petermr's blog

A Scientist and the Web

 

Why PDF is a Hamburger

In a recent comment Chris Rusbridge asks:
April 29th, 2008 at 4:47 pm e

I’ve been thinking about a blog post related to your hamburger rants. But the more I try to think it through, the murkier it gets. Is the problem that PDF cannot store the semantic information? I’m not sure, but I’m beginning to suspect maybe not, ie PDF can. Is the problem that the tools that build the PDFs don’t encode the semantic information? Probably. Is the semantic information available in the publisher’s file from which the PDF is built? Possibly to probably, depending on the publisher and their DTD/schema. Is the semantic information available in the author’s file? Probably not to possibly, depending on author tools (I’m not sure what chemists use to write these days; Word would presumably be dire in this respect unless there is a chemistry plug-in; LaTeX can get great results in math and CS, but I’m not sure how semantic, as opposed to display-oriented, the markup is). And even if this were to all happen, does chemistry have the agreed vocabulary, cf the Gene Ontology in bio-sciences, to make the information truly “semantic”? And…

PMR: Thank you Chris. It’s a good time to revisit this. There are several aspects.

(From Wikipedia) The PDF combines three technologies:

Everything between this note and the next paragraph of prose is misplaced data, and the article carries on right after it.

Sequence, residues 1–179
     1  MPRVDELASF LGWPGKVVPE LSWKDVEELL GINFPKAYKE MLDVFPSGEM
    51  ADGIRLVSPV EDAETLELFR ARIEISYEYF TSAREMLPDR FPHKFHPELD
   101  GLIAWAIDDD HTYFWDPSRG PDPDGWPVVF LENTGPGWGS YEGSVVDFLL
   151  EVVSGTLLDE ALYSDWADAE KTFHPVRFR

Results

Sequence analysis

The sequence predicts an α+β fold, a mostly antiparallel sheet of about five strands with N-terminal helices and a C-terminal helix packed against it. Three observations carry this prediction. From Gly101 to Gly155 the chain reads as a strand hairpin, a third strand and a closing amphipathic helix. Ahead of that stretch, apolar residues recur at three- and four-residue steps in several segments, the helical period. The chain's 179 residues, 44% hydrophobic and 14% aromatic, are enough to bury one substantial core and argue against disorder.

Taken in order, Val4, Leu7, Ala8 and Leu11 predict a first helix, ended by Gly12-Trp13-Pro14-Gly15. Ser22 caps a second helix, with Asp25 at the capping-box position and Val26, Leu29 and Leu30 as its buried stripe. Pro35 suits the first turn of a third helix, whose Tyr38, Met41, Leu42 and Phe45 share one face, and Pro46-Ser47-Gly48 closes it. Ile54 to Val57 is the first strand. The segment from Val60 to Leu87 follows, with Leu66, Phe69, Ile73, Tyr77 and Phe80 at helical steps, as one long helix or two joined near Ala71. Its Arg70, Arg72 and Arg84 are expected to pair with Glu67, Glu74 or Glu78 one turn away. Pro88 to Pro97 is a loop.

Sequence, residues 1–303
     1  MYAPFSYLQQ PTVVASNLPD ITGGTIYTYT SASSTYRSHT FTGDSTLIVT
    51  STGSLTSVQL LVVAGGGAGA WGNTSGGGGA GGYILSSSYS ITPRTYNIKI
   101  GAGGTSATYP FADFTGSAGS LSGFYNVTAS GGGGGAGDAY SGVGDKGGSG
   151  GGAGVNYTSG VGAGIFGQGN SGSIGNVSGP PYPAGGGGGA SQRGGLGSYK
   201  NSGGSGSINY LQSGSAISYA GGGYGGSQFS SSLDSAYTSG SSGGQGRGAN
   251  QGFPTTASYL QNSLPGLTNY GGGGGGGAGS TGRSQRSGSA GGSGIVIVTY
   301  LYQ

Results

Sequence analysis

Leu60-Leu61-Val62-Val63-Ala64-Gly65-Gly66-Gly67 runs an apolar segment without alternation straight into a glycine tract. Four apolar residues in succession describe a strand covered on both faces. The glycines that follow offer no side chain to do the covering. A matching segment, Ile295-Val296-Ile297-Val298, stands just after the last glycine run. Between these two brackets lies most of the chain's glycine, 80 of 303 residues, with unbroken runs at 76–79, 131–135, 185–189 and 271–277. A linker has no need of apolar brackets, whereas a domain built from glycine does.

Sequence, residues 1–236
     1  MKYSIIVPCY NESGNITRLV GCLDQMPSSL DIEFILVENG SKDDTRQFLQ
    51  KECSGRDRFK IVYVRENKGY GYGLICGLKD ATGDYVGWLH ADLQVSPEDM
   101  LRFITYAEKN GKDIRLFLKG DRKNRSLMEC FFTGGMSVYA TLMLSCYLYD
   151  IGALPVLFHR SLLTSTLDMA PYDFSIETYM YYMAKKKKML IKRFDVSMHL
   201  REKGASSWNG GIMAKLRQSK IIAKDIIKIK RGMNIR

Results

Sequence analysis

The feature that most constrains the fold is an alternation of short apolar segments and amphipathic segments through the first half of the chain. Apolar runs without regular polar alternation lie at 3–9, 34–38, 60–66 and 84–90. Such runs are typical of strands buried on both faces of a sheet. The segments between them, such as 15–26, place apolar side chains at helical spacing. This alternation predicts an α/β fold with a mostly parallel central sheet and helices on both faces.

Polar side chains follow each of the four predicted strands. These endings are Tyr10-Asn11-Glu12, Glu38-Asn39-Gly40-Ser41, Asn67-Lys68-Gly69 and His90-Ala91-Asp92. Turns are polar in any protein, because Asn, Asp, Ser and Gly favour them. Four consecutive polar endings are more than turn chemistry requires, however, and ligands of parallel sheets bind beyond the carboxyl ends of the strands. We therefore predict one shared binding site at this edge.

• A sub-set of the PostScript page description programming language, for generating the layout and graphics.
  • A font-embedding/replacement system to allow fonts to travel with the documents.
  • A structured storage system to bundle these elements and any associated content into a single file, with data compression where appropriate.
  • and…

One of the major problems with PDF accessibility is that PDF documents have three distinct views, which, depending on the document’s creation, can be inconsistent with each other. The three views are (i) the physical view, (ii) the tags view, and (iii) the content view. The physical view is displayed and printed (what most people consider a PDF document). The tags view is what screen readers read (useful for people with poor eyesight). The content view is displayed when the document is re-flowed to Acrobat (useful for people with mobility disability). For a PDF document to be accessible, the three views must be consistent with each other.

… so why is this a problem?